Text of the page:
The Megiddo outliers, which we inferred to be relative newcomers to the region, are particularly important in demonstrating that the gene flow continued throughout the Bronze Age and that at least some of the gene flow likely came from the Caucasus rather than the Zagros. These two individuals have the highest proportions of Zagros- or Caucasian-related ancestry in our dataset. Analysis of these outliers gave significantly stronger evidence of a Caucasus source compared with a Zagros one, although this conclusion might be revised once ancient DNA data from the Middle-to-Late Bronze Age in the Zagros region become available. The two Megiddo individuals with the next lowest Neolithic Levant component (I10769 and I10770, brothers) were found near the monumental tomb that was likely related to the palace at Megiddo, raising the possibility that they might be associated with the ruling caste. Indeed, a ruler of Taanach (a town located immediately to the south of Megiddo) mentioned in a 15th century BCE cuneiform tablet found at the site and the rulers of Megiddo and Taanach mentioned in the 14th century BCE Amarna letters (found in Egypt) carry Hurrian names (a language spoken in the northeast of the ancient Near East, possibly including the Caucasus) (Na’aman, 1994b). This provides some evidence—albeit so far only suggestive—that at least some of the ruling groups in these (and other) cities might have originated from the northeast of the ancient Near East.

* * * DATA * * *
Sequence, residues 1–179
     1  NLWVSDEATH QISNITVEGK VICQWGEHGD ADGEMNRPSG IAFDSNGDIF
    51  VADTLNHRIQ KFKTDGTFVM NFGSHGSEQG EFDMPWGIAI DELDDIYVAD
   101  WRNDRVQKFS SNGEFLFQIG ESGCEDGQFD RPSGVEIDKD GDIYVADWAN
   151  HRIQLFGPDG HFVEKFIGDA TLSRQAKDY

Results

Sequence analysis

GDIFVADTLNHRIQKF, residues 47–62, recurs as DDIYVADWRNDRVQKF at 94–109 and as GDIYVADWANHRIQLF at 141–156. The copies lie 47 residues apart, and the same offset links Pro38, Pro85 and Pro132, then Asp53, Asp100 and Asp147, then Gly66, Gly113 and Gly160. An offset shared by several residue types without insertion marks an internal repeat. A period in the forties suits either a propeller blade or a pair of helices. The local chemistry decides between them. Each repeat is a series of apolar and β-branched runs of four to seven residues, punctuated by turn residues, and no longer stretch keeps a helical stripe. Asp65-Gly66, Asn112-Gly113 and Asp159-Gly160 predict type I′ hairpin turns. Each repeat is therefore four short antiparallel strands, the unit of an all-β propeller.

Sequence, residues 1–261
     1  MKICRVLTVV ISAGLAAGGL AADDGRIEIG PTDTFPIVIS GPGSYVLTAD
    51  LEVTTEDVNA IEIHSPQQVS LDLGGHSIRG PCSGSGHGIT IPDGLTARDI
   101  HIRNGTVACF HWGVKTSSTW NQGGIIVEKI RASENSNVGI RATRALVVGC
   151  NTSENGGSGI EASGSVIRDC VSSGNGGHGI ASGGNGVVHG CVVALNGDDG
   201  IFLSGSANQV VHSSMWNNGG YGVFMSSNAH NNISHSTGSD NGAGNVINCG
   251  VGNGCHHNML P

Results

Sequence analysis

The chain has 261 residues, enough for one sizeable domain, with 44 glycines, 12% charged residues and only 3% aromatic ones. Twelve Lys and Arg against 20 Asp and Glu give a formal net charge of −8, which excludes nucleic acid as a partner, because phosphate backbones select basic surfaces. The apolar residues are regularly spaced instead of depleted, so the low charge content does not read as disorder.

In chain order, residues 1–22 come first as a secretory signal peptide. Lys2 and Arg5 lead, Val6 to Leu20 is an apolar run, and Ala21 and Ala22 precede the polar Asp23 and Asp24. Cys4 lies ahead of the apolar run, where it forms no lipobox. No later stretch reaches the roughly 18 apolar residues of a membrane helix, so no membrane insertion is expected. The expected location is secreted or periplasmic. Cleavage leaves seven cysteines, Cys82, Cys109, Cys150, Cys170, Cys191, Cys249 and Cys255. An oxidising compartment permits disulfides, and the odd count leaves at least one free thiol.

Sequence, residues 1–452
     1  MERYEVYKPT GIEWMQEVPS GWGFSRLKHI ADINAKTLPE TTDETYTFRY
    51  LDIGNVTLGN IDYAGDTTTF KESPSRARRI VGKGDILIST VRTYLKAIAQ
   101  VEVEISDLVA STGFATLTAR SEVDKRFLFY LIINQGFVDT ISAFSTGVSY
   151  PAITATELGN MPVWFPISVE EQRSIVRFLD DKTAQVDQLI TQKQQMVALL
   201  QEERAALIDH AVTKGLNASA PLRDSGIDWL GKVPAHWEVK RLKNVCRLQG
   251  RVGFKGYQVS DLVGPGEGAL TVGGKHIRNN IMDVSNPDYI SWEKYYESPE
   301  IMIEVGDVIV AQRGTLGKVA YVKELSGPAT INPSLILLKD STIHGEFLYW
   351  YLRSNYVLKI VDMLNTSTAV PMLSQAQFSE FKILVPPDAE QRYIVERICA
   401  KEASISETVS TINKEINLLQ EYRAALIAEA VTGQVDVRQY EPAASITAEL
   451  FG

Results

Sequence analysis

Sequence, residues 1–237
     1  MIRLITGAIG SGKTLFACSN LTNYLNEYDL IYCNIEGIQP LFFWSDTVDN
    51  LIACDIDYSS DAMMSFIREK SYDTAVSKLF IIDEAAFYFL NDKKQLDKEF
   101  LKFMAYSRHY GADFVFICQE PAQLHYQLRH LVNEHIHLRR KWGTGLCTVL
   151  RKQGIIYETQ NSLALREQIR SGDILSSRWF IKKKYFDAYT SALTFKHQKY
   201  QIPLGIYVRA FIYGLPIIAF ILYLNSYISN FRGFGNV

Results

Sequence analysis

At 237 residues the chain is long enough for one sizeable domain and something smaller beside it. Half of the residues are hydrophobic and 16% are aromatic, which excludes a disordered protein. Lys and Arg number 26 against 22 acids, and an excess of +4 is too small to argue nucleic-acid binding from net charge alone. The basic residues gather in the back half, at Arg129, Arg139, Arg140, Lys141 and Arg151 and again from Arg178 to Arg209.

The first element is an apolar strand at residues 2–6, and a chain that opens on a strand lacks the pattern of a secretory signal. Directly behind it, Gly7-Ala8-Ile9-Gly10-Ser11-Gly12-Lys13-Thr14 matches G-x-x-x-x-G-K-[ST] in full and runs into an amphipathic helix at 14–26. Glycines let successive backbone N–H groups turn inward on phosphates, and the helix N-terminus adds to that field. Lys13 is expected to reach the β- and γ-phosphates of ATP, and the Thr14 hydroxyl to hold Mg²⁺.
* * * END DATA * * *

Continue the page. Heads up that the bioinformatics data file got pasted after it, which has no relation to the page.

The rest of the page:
Y-DNA from the Near East during the Middle Bronze Age, including the Northern and Southern Levant.

Sample I10768 shows a surprisingly early emergence of hg. R1b-M269 in the Levant (ca. 1600-1500 BC), which may thus be distinct from the Philistine-related samples of Aegean origin, and related to populations from the Zagros Mountains. That connection with expanding non-Indo-Europeans could explain some (R1b-V1636 and R1b-P297, possibly M269) from the 3rd or early 2nd millennium close to the Southern Caucasus.

On the other hand, the most straightforward explanation to this and any other hg. R1b-M269 in the Southern Levant is offered by previous migration events between East Anatolia, the Northern Levant and Zagros, as well as by contemporaneous contacts with the Eastern Mediterranean basin, which could have led to significant genetic inflow probably including the spread of Anatolian and Greek lineages during the early 2nd millennium BC, for example as suggested for Sidon in the same paper.

This could also be valid for the “CHG-related” outlier I2189, if it is of the same haplogroup, against the authors’ suggestion that they are “relative newcomers” from some distant region, despite the lack of a proper sampling from neighbouring Mesopotamia. From Skourtanioti et al. (2020):

Chalcolithic and Bronze Age populations across Anatolia also mostly descended from this genetic gradient. In the Northern Levant, by contrast, we identified a major genetic shift between the Chalcolithic and Bronze Age periods. During this transition, Northern Levantine populations experienced gene flow from new groups harboring ancestries related to both Zagros/Caucasus and the Southern Levant. This suggests a shift in social orientation, perhaps in response to the rise of urban centers in Mesopotamia, which to date remain genetically unsampled.

Modified image from Skourtanioti et al. (2020), with illustrations corresponding to the PCA above. PC1 and PC2 for individuals by archaeological time or geographic sector (a–d) with some of the important findings annotated.